Using OAuth with the Constant Contact API

Before you get started using Constant Contact’s API, we want to tell you a little bit about how we use OAuth, an authentication protocol that confirms a user’s identity without requiring the storage of customer usernames and passwords. You’ve probably seen OAuth in action: it’s what’s behind the scenes when you log into one service (such as Instagram) using credentials from another service (such as Facebook).

Until OAuth gained popularity, most services required a username and password to access an application and the data behind it. OAuth instead creates an intermediate artifact called a “token” to facilitate that access. That way, a username and password for one service, such as Constant Contact, does not have to be passed on to a second application that interfaces with the first, such as an app that you write. The two services merely exchange an OAuth token that essentially says, “I have validated this user and the user gave permission for your application to leverage their data on their behalf.” If a password is compromised on one application or site, OAuth prevents all of the other sites or applications where the customer uses that password from also being compromised.

OAuth is an increasingly important security standard, and it became a lot easier to use with the introduction of OAuth 2.0, which eliminates the need for developers to use third-party libraries to initiate OAuth transactions. (If you tried OAuth 1.0 and were frustrated by it, I feel your pain.) Constant Contact supports the full OAuth 2.0 standard.

Implementing OAuth

Implementing OAuth is a simple two-step process.

  • In the authentication step, the user is presented with a button that says, “Grant access.” Selecting that button opens up a window to the Constant Contact site, where the user enters his username and password. The user is then asked, “Are you sure you want to give the application access to your data?” If he responds, “Yes,” Constant Contact sends him an authorization code.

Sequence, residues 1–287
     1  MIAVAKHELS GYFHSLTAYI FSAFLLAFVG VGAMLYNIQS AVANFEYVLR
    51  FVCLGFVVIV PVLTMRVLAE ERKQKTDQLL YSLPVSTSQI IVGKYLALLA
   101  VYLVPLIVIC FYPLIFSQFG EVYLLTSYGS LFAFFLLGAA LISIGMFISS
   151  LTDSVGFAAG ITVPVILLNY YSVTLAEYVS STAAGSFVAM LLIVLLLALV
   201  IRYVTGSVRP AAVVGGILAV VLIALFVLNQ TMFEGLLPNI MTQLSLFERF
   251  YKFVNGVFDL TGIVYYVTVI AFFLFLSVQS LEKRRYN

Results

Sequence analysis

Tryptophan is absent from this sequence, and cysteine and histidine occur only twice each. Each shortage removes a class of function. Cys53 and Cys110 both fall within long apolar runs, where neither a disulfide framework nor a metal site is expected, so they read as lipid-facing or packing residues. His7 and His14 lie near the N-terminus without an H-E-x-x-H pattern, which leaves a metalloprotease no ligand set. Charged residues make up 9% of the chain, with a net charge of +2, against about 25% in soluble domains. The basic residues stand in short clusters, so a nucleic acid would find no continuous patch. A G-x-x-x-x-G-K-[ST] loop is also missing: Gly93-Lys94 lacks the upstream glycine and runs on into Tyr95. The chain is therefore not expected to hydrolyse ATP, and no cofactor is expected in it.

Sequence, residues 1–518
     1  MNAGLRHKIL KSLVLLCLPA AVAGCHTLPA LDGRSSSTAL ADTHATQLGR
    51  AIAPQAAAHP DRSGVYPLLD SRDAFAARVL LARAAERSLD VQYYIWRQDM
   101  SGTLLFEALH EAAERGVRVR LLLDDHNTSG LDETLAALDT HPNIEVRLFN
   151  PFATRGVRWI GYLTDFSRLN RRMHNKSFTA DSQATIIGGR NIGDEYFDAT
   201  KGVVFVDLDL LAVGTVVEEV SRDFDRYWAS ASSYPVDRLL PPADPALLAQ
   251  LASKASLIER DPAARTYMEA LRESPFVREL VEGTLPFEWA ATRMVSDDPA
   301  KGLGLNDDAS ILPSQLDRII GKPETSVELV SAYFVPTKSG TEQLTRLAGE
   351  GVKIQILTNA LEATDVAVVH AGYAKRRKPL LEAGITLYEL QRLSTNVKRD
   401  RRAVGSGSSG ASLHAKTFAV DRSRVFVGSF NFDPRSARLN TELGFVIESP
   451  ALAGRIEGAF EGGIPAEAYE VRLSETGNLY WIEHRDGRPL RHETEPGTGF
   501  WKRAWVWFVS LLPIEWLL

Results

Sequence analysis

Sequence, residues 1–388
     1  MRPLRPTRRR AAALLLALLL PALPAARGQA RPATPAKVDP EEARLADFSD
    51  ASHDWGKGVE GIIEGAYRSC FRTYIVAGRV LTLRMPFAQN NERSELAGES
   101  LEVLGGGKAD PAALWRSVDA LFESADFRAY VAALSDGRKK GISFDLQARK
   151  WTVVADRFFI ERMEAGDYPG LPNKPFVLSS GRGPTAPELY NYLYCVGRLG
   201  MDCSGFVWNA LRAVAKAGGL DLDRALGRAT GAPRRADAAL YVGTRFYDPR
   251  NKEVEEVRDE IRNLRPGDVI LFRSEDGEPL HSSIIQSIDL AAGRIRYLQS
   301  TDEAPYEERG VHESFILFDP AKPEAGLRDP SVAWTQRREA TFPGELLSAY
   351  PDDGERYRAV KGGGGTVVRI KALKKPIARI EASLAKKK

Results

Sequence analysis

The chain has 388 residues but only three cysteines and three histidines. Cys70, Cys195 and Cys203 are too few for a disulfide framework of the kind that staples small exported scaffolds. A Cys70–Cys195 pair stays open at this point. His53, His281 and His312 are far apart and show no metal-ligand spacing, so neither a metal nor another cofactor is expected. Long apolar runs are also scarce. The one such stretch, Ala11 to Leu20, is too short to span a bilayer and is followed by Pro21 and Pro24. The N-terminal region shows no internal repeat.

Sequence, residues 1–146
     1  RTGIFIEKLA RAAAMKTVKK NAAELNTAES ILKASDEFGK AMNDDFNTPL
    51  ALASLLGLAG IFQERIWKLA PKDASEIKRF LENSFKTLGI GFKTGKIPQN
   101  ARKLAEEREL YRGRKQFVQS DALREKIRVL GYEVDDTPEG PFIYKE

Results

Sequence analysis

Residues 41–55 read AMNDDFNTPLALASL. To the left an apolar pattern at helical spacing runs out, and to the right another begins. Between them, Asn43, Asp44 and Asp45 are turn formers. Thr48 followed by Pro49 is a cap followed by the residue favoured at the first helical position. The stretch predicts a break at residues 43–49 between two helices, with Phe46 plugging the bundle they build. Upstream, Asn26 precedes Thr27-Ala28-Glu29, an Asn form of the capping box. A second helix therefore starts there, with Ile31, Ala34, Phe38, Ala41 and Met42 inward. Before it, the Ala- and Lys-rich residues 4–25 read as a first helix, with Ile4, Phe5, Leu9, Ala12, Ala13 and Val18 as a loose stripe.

• In the authorization step, the application exchanges the authorization code, which expires after 10 seconds and is immediately exchanged for an access token to the account. This important second step ensures that no third party intercepts the communication and poses as the user. The token, however, can be given a long time to live (ours is 10 years) so that the user does not have to repeatedly log in and apps can communicate smoothly with each other via the API.

The Constant Contact API supports two implementation flows for OAuth:

  • Server Flow is mainly used for token exchange between websites and web applications. It appears as a pop-up window and typically stores tokens on a remote server.
  • Client Flow stores tokens locally on devices for applications that are embedded or run natively on the device, such as a desktop, laptop, or mobile phone. With the explosion in mobile app development, we expect the use of Client Flow to increase.

Passwords belong in only two places: in the user’s brain and with the original application they signed up for. OAuth is a big improvement over the old way of doing things, which involved a lot of passwords being stored on third-party sites. And OAuth 2.0 is a tremendous improvement over OAuth 1.0; it is so much simpler to use. Constant Contact is pleased to support OAuth 2.0 and anything else that makes it easier and safer for your users to leverage their Constant Contact accounts in your apps.

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  1. richm541 says:

    Here’s a nice blog post discussing the various HTTP authentication schemas out there, with a good overview and explanation of OAuth 2.0:

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